Thursday would have been Lou Reed's 75th birthday. This morning, his widow, performance artist Laurie Anderson, marked the occasion by announcing that the New York Public Library for the Performing Arts will house Reed's complete archives. The collection includes thousands of hours of video and audio recordings, Reed's personal record collection and more than 300 boxes of papers, photos and other items spanning his six-decade career.
There's a 1971 recording of Reed reading poetry. There's a bill from the legendary New York bar Max's Kansas City — Reed's tab stood at $194.08. There's also a birthday card of more recent vintage inscribed, "Dear Honey Bun, Love and Hugs, Mo" — as in Moe Tucker, The Velvet Underground's drummer. But NYPL director Jonathan Hiam says it's the business and legal records that have him excited: The contracts, licensing agreements, tour receipts, and other documents paint a detailed picture of how the music industry evolved.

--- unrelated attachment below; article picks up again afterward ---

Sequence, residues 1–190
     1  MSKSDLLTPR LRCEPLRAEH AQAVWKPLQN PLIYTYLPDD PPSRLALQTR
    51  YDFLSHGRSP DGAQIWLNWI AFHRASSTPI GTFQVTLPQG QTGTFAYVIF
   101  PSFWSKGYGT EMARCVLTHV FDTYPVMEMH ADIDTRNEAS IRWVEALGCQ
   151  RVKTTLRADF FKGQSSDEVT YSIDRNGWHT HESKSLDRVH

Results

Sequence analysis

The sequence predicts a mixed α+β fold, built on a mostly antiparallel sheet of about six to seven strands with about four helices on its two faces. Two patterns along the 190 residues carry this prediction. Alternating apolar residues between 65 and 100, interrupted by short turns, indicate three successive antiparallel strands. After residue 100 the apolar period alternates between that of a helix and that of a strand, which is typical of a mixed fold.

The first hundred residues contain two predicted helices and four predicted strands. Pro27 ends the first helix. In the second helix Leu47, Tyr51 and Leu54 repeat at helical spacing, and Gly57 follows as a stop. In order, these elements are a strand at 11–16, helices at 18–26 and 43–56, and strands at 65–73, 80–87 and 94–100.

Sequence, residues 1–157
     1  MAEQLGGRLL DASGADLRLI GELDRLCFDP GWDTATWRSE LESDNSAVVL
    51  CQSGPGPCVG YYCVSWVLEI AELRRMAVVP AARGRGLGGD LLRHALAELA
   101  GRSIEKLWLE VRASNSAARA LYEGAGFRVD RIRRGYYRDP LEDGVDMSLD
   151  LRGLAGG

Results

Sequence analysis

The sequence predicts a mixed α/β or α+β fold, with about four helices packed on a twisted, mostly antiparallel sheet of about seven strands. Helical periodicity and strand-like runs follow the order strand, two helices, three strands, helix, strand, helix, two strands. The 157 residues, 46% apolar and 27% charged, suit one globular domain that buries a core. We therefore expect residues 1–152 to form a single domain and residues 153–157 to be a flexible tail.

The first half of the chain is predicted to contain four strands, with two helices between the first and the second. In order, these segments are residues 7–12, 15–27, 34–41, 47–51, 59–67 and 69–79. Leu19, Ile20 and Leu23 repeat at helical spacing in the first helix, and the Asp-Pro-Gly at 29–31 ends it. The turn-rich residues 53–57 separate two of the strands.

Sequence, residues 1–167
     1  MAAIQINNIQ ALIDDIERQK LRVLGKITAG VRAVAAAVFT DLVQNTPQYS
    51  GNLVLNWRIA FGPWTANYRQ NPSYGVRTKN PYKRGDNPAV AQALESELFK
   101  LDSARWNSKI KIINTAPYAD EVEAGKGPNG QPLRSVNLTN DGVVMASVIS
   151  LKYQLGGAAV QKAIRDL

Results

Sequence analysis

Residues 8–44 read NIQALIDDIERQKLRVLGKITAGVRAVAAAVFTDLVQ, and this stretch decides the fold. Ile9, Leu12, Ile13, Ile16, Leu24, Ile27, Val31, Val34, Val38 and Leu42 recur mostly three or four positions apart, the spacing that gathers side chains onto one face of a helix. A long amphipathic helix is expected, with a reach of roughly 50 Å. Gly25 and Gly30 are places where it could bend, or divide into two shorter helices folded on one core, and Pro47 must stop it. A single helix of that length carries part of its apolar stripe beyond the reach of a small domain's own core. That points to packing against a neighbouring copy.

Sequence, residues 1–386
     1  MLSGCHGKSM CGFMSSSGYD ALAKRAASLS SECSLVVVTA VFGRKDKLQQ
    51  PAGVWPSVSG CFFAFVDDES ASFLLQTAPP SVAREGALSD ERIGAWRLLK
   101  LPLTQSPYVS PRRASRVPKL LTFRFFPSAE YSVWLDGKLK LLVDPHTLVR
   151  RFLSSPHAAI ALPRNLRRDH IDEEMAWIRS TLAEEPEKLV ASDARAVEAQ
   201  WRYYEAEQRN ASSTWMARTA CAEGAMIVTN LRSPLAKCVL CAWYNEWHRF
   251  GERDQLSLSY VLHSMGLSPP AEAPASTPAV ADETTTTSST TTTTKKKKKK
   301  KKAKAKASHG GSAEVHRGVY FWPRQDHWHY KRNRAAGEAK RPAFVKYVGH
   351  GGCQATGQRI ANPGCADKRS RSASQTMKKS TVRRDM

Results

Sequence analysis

"These kinds of documents are usually in the hands of a private enterprise still, and there's usually no financial incentive to make them available to anybody," Hiam says. "So if you're doing research, this is really a boon."
Later this year, library staff will begin the process of digitizing the thousands of hours of video and audio recordings. Music producer and archivist Don Fleming, who has been supervising the restoration, says the process has turned up a few gems.